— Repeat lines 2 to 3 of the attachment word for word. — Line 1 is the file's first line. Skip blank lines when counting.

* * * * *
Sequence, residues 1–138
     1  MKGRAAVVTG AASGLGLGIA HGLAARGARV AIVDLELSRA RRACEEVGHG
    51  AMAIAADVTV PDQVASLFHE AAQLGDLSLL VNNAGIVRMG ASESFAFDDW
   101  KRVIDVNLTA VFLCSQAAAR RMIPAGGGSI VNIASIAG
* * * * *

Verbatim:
     1  MKGRAAVVTG AASGLGLGIA HGLAARGARV AIVDLELSRA RRACEEVGHG
    51  AMAIAADVTV PDQVASLFHE AAQLGDLSLL VNNAGIVRMG ASESFAFDDW